Each of these combs, for example the comb 3 shown in FIG. 3, is made of a flat rectangular part cut out along its edges to form teeth such as 7 which are inclined in the plane of the part. The inclination of the teeth and their length are defined carefully; here the inclination of the teeth is 45°; the distance which each tooth projects, parallel to the small side of the comb is slightly greater than the spacing between the edge of the board and the inside edge of the frame. Each of the cut out tooth-forming parts is tinned: this treatment, of depositing a layer of tin-lead alloy, for example, is carried out on the whole surface of the comb, including on the edges of the teeth.
The un-cut longitudinal spine of each comb partially covers the corresponding inside margin of the frame, slightly overlapping the free space between the frame and the card. It is fixed by screws such as 8 on the inside margin of the frame in conjunction with a plate 9 and a reinforcing plate 10. The four combs are thus fixed on the four inside margins of the frame the ends of the teeth of the combs extending onto the periphery of the board. In FIG. 1, the direction of the inclination of the respective combs is the same. This configuration is schematically shown in FIG. 4a in which arrows 13, 14, 15 and 16 show the direction of the inclination of the teeth of each comb: all the teeth would be parallel to each other if the perimeter of the board in this embodiment were to be developed along a straight line.
The ends of all the teeth of each of the combs are fixed on the board 1 by soldering in a continuous pass.
This soldering is performed along a conductive strip 12 (FIG. 2) printed on the periphery of the board and brought to the earth potential of the electric circuit. When the connection has been made, blobs of solder are formed on the points of the teeth of each comb shown schematically as points 11, these non-contiguous points all being interconnected by a solder bead 11'. The frame is thus connected in a practically continuous manner to the peripheral earth of the electric circuit; which makes it possible to connect, in these same conditions, the peripheral earth of the circuit to the housing which will accommodate the frame.
FIGS. 4b and 4c show schematically variant configurations of the assembly of the combs on the periphery of the board 1; these variants are considered in comparison with FIG. 4a.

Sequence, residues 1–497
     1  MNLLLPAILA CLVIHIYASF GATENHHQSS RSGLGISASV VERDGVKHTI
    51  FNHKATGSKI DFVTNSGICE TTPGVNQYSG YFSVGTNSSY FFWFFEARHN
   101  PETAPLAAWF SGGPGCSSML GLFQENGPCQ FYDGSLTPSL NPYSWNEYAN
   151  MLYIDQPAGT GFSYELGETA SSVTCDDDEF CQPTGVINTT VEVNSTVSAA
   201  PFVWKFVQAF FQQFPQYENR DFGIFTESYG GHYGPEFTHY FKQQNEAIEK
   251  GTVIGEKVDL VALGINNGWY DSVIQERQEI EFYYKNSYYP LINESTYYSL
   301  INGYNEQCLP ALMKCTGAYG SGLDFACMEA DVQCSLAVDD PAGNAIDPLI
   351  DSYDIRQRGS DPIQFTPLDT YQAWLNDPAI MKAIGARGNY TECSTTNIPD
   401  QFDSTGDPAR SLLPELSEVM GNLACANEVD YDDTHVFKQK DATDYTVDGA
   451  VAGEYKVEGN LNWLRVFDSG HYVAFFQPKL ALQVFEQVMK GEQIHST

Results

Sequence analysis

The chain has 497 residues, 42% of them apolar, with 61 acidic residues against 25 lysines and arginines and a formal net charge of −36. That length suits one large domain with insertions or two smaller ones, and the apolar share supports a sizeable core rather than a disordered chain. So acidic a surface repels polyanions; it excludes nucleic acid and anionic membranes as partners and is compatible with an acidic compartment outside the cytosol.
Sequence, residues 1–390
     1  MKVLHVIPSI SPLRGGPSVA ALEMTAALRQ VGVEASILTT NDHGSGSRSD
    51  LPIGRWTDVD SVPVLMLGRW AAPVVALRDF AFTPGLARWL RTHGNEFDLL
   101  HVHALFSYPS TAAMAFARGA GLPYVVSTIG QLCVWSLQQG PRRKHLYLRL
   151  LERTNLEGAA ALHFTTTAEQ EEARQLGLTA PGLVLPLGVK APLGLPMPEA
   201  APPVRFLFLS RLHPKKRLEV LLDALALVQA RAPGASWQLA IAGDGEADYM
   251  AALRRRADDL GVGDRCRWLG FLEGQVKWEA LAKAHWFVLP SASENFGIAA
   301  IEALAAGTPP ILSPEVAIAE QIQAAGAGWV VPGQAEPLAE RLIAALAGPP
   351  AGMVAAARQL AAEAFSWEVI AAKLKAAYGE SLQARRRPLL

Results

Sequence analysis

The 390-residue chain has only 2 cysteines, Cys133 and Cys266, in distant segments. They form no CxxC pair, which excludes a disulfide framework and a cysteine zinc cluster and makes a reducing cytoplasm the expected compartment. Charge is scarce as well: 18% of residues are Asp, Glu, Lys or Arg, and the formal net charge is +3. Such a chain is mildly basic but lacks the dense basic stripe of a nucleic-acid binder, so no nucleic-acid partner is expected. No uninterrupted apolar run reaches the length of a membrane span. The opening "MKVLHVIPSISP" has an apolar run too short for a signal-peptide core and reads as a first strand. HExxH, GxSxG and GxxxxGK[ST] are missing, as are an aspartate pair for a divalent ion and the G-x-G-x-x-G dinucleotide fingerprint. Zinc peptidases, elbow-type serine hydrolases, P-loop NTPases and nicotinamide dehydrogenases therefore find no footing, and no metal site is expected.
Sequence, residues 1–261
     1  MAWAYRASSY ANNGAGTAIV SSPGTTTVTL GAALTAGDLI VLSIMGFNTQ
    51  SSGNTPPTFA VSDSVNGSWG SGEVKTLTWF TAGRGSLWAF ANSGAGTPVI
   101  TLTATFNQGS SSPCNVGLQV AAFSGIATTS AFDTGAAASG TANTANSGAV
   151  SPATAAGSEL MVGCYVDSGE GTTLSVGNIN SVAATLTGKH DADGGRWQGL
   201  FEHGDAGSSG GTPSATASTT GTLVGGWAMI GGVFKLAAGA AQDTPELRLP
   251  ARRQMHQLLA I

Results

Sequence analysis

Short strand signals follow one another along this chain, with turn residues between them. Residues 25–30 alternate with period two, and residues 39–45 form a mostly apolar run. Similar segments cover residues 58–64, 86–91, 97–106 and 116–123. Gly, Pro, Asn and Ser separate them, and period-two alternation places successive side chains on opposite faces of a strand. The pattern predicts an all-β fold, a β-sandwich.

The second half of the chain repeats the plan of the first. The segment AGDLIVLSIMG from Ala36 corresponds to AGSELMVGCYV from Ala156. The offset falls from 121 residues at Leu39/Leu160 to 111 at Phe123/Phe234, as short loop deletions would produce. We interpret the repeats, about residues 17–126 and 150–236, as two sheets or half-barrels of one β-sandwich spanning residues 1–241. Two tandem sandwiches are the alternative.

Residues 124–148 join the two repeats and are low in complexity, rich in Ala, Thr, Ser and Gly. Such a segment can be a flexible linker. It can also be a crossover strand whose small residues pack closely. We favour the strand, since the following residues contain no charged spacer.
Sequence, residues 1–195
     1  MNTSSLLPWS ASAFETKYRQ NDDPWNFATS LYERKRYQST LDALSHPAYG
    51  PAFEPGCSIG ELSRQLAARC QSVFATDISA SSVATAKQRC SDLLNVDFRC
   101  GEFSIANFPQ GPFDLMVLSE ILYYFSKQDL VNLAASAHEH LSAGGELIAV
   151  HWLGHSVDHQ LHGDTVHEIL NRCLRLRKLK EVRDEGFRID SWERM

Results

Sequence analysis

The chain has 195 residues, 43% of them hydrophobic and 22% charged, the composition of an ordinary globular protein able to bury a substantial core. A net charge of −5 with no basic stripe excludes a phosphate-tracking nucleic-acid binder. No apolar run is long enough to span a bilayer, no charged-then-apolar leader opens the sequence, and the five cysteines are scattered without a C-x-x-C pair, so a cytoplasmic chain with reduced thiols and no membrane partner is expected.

In FIG. 4b, the combs are designated by 23 to 26 respectively; the direction of the inclination of the teeth of each comb is given by respective arrows 33 to 36. The inclination of the teeth of one of the combs, in this case the comb 26, is inverted on the developed perimeter of the board.
In FIG. 4c, the combs are designated by the references 43 to 46 respectively, the direction of the inclination of the teeth of the combs is given by the corresponding arrows 53 to 56. On the developed perimeter of the board, the direction of inclination of the teeth is inverted on two contiguous sides in relation to the assembly according to FIG. 4a.
In these three cases of assembly, a change in dimensions of the frame will cause the board to move; the board remains free from stresses.
FIG. 5 is a variant given with reference to FIG. 4b; it corresponds to the case where the support-board of the electric circuit which was previously in the form of a single support for the electric circuit is substituted by two half boards designated respectively by 1a and 1b for supporting the electric circuit. The two parts of the electric circuit on these two half boards are not illustrated; they will be connected together. The frame not shown remains unchanged and the two half boards are accommodated in its interior cut-out.
The two half boards 1a and 1b are fixed by four combs 63 to 66 with inclined teeth, in accordance with the inclinations given in FIG. 4b; the direction of the inclination of the teeth of each comb is indicated by arrows identical to those of FIG. 4b and is hence illustrated by the same references 33 to 36 as those used in this FIG. 4b. Each of the two half board 1a and 1b is fixed by three sides on the frame.
Of course, as a variant, the assembly shown schematically in FIG. 4a or 4c can be used for connecting half support boards for an electric circuit.
Although the present invention has been described with reference to the embodiments illustrated in the accompanying drawings, without going beyond the scope of the invention, details can be modified and/or some means can be replaced by equivalent means.
|Cited Patent||Filing date||Publication date||Applicant||Title|
|US3052821 *||Feb 10, 1958||Sep 4, 1962||Scoville Ray R||Casing for modular units|
|US3258649 *||Mar 14, 1963||Jun 28, 1966||Enclosure for electrical circuit devices|
|US3519890 *||Apr 1, 1968||Jul 7, 1970||North American Rockwell||Low stress lead|
|US3934074 *||Apr 22, 1974||Jan 20, 1976||Trw Inc.||Ceramic circuit board mounted in housing and method of fabrication thereof|
|Citing Patent||Filing date||Publication date||Applicant||Title|
|US4316235 *||Mar 31, 1980||Feb 16, 1982||Motorola, Inc.||Movable printed circuit board display|
|US20090159640 *||May 22, 2008||Jun 25, 2009||Universal Scientific Industrial Co., Ltd.||Wave soldering apparatus|
|U.S. Classification||361/757, 361/776, 361/829|
|International Classification||H05K9/00, H05K7/14|
|Cooperative Classification||H05K9/0039, H05K7/1417|
|European Classification||H05K7/14D, H05K9/00B4B|